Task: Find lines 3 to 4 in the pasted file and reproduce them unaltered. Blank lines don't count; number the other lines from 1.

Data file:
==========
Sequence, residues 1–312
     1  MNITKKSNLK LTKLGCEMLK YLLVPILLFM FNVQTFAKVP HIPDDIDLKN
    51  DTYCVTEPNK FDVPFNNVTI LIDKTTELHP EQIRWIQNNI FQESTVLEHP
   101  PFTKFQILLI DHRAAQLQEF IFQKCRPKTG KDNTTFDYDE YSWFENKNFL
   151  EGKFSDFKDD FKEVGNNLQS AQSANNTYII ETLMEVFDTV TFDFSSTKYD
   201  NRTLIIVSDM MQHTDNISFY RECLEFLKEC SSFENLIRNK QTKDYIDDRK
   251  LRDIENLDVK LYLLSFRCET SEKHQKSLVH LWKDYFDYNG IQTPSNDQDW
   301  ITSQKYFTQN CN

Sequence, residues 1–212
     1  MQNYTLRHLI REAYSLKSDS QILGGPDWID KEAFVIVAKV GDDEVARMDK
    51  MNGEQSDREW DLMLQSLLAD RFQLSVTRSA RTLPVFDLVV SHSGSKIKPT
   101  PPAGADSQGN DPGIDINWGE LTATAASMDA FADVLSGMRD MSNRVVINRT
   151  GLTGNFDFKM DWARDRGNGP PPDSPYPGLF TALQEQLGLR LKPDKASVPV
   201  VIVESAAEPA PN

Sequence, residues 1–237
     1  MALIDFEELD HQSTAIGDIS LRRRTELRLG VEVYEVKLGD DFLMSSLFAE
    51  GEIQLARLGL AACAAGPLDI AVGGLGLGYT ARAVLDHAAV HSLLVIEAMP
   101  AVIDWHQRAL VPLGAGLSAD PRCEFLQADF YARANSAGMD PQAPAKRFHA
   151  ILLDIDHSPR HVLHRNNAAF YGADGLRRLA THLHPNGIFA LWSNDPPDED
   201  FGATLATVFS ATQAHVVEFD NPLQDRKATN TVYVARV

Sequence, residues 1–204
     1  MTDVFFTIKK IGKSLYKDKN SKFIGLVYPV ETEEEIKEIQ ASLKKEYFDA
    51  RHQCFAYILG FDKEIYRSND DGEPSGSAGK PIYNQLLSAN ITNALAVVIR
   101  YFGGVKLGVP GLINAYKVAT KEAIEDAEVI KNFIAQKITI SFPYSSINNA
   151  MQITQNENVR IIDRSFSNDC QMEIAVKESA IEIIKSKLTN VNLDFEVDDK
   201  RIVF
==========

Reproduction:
    51  DTYCVTEPNK FDVPFNNVTI LIDKTTELHP EQIRWIQNNI FQESTVLEHP
   101  PFTKFQILLI DHRAAQLQEF IFQKCRPKTG KDNTTFDYDE YSWFENKNFL